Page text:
Andrew Van Zee: Because of that, we’re not seeing as many groups who are willing to just jump into the game and transact as strongly. We have taken a property to market. Our group did within the last month. It was a CCRC that was mostly with no skilled nursing component, so assisted living, independent living, memory care. We did see some good market activity on it. Overall, I think that right now, there’s a lot of pent-up demand in the marketplace. There is still a good opportunity where because there’s nothing out there, and there are groups that need to be active to continue to survive and/or just wants to take advantage of a timeframe where there’s not as much competition on bidding on properties. It’s a little bit more of a buyers’… I mean, a sellers’ market in that way with that pent-up demand. But we’re still not seeing a lot of groups ready to jump into that yet, especially on assisted living and independent living because of potential stimulus money is still coming in and/or these occupancies that just haven’t come right back yet. I hope that answered your question. [crosstalk 00:24:11].

Andrew Dick: No, that was great. That was great. You hit on a couple of points there. One was what the lending institutions are doing. Talk about the capital markets. If you’re the owner of a senior housing facility, is it a difficult time to refinance? If you’re a buyer, and you need some capital, how are the banks looking at the different asset types? Is it tough to get interest, or have prices went up for the cost of capital?

Andrew Van Zee: For the most part, I think the biggest variable right now that is looking at, how hard of a hit did you take on occupancy as well as just kind of the fundamentals, age of the building, what’s your blended rate on your payer types? Financing’s coming back. It definitely pulled back. Even though we had these bottom-of-the-market interest rates, lenders in senior housing were putting floors on those to try to cover some of the risks with the biggest fear being, is COVID going to get into your building and wipe everything out between time for closing and/or shortly after you close on it. Right? So that was the number one thing is we saw floors right away. Then kind of the loan-to-value ratio started to creep up, where you could have maybe gotten a 75% loan-to-value, you were down to 70. Maybe if it’s an older building, 65.

Andrew Van Zee: So some of that amount of leverage that you can put on some of these buildings is definitely been scaled back from what it was at the beginning of the year. I think by and large, we’re starting to see that banks are coming around and slowly more and more are getting onboarded. I would kind of liken the banks to what we’re seeing even on a very macro level with some of the REITs. Some of the REITs on the recent transactions that we’ve had, the recent deals that we’ve had have been the more conservative bidders currently. We’re seeing a lot more of the private equity or just private money in this space being more active in the bidding and in the aggressiveness of those bids right now in the last two to three months. I really likened that to kind of the way the banks are. They’re institutional in that same fashion as the REITs. They’re taking the longer look. They obviously are having to deal with imminent foreclosures that are now starting on other product types outside of just senior housing.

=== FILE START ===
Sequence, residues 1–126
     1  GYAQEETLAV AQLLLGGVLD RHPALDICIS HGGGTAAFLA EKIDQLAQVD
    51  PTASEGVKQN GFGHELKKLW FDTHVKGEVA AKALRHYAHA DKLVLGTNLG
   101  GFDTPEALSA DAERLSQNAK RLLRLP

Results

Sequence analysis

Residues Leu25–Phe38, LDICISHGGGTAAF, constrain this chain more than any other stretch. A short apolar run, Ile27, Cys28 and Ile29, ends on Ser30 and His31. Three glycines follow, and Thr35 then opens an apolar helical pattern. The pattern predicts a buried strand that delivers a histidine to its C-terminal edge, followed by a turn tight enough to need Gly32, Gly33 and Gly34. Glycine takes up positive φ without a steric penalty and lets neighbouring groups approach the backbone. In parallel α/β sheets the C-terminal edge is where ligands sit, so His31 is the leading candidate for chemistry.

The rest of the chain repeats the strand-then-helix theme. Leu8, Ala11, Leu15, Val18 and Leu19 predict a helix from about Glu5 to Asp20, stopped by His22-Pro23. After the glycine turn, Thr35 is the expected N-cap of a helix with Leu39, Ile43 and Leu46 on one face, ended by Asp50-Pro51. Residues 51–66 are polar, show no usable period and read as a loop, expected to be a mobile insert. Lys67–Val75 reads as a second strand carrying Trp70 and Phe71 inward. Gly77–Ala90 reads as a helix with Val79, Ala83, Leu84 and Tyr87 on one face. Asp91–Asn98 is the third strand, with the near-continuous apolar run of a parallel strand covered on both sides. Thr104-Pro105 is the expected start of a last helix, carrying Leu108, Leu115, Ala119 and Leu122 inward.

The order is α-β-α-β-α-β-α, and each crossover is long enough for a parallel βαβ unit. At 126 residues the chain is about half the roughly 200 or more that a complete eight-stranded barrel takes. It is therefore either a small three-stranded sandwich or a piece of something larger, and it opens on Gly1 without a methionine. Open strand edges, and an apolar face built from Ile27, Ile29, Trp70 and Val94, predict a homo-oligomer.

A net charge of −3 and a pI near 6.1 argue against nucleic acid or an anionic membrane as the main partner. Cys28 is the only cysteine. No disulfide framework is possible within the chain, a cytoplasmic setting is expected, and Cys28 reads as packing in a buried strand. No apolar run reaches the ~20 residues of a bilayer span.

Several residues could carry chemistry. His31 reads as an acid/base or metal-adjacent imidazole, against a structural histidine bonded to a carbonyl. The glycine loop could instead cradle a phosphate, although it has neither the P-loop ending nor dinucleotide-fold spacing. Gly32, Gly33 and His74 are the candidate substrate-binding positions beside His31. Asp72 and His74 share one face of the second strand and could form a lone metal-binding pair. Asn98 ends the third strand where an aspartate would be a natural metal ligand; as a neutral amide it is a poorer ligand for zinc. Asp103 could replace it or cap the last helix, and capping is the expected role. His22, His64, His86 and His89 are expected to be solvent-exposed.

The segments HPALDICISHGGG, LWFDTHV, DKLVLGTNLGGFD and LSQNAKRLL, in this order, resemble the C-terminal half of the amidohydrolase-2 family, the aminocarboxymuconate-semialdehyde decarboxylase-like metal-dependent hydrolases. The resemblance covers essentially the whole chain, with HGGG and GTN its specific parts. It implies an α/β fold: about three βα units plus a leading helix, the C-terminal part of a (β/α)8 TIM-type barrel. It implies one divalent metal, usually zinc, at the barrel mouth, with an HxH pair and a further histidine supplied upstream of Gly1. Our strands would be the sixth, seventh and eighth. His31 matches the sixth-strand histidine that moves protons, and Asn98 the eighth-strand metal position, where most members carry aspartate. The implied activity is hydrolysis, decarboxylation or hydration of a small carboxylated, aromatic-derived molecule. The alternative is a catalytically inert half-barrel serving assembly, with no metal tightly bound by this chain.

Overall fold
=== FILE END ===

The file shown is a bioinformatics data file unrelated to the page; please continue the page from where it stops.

Andrew Van Zee: So as we can have more time from the beginning of this pandemic and more space, more data to show these lending institutions that senior housing is still a safe place. It’s a very safe place to be, and there’s a lot of runway. I foresee that we will continue to have greater access to capital. Even we were projecting that some time after labor day, that it would really start to look more normal. I don’t know that we’re normal in terms of where we were pre-COVID yet. But we are certainly getting back to it much like the rest of the country is, quite honestly, in terms of we have to move on. So is there access to capital, and a very short answer to your question, yes, there is. There definitely is. It may not be as highly leveraged. But the interest rates are still low. They’ve still remained the low, and it’s still a great time to start to be looking at the future in senior housing.

Andrew Dick: Yeah. That was a good summary. I’ll tell you what some of the experts I’ve spoken to remain bullish long term on senior housing, given some of the demographics that we’ve all seen in the news with the aging population. In fact, some of the… I talked to some folks who said they’re looking forward to picking up more of the senior housing assets as things settle down. They just think that the demographics support long-term growth in the industry. Andy, would you agree with that and maybe also weigh in about, some of the critics have said there’s too much supply?